Immunization Coverage Down Slightly in Texas Kindergartners: Texas Health and Human Services Department

State health department says vaccine coverage improved in 7th graders

Texas kindergarten students have slightly lower immunization coverage than in previous years, according to a report released by the Texas Health and Human Services Department.

The department released the 2017-2018 Annual Report of Immunization Status, a self-reported survey of 1,203 Texas school districts and 1,058 private schools that is used to measure immunization coverage among kindergarten and 7th grade students across the state. Children attending home schools are not covered in the report.

Students attending school in Texas are required to be vaccinated against Diphtheria/Tetanus/Pertussis (DTaP/Tdap), Hepatitis A/B, MCV4, MMR, Polio and Varicella (Chickenpox), though state law allows immunization exemptions in two cases. Doctors can write medical exemptions for students whose condition could be harmed by vaccines and for parents who chose, for reasons of conscience or religious belief, to not vaccinate their children.

Overall the report suggests that Texas schools have a high rate of coverage for each required vaccine, however compared to the previous school year "kindergarten students have slightly lower coverage as reports of conscientious exemptions, provisional enrollment, and delinquencies all increased slightly in 2017-2018."

Amy Nemeczky of Frisco is one of the increasing number of parents opting out of vaccinations for their children.

Her son was diagnosed with autism at age four, and out of concern about the impact of vaccines, she chose, from that point on, not to have her son vaccinated with most of the required immunizations.

Since the state's exemption program started in 2003, the number of families taking advantage has accelerated to a point that's concerning medical experts.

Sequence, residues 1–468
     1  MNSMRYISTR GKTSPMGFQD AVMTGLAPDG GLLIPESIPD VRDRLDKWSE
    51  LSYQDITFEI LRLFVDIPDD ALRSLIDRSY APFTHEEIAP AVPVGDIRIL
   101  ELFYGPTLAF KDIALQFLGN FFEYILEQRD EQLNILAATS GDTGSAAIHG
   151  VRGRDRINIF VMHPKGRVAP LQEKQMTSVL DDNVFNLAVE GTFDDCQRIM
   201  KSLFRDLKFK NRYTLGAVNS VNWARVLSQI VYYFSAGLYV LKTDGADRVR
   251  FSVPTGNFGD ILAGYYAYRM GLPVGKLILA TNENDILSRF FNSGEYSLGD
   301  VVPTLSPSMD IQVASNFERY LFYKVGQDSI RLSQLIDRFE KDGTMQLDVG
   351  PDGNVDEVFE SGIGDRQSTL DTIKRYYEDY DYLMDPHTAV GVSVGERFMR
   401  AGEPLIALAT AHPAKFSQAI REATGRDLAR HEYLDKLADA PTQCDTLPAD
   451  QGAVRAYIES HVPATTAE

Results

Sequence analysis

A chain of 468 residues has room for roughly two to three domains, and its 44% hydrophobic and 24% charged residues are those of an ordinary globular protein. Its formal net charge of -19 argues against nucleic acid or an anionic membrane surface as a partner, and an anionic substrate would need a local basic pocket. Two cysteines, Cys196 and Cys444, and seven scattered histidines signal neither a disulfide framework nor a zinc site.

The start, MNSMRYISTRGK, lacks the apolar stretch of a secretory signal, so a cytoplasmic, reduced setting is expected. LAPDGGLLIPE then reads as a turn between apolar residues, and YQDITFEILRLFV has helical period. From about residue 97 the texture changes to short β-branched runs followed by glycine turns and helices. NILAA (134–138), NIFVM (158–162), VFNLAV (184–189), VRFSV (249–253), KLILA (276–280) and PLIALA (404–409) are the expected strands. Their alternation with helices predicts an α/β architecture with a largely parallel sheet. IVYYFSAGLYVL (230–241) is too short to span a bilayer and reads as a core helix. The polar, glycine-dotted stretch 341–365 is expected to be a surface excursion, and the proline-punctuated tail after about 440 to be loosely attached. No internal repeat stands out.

"You're leaving your child open for measles, chicken pox, influenza, meningitis, many very serious illnesses which are life threatening that could be prevented with a simple vaccination," said pediatrician Dr. Russell McDonald of Plano.

He encourages parents to talk with their trusted pediatrician before making a decision whether to vaccinate.

Nemeczky agrees and encourages others parents to do their own research, as they make decisions that will impact the health of their children.

"I am just more careful in what I choose to go ahead and do. It's not that I have never vaccinated. I have. I choose not to at this point."

The vaccination rates for North Texas kindergartners are as follows: DTaP (96.21 percent), Hepatitis A (95.84 percent), Hepatitis B (97.27 percent), MMR (96.53 percent), Polio (96.51 percent) and Varicella (95.79 percent).

Compared to the previous school year, kindergarten coverage decreased by 0.2 to 0.4 percentage points and conscientious exemption rates increased by at least 0.2 percentage points in every vaccine category while the delinquency rates increased by 0.05 to 0.11 percentage points.

The 2017-2018 survey, which had a response rate of 83 percent, indicated 56,738 kindergarten through 12th grade students were reported as having a conscientious objection to vaccination, or 1.07 percent of the number of students enrolled in schools that responded to the survey.

For 7th grade students, vaccination coverage improved though the department attributed that to decreases in provisional enrollment and delinquencies.

The vaccination rates for North Texas 7th graders are as follows: Tdap (96.81 percent), Hepatitis A (98.22 percent), Hepatitis B (98.81 percent), MVC4 (96.88 percent), MMR (98.92 percent), Polio (98.70 percent) and Varicella (97.22 percent). See the Full 2017-2018 Report Below

Provisional enrollments are granted to students who have received at least one dose of a required age-appropriate vaccine and is on schedule to receive subsequent doses on the first date of attendance. The immunization status of those students are reviewed every 30 days by a school nurse to ensure compliance. A delinquent student is one who has not received a vaccine and has not supplied a valid exemption. Delinquent students are required to be excluded from school until the dose is administered

Schools are asked to maintain an up-to-date list of students with exemptions, so they may be excluded in times of emergency or epidemic declared by the commissioner of public health.


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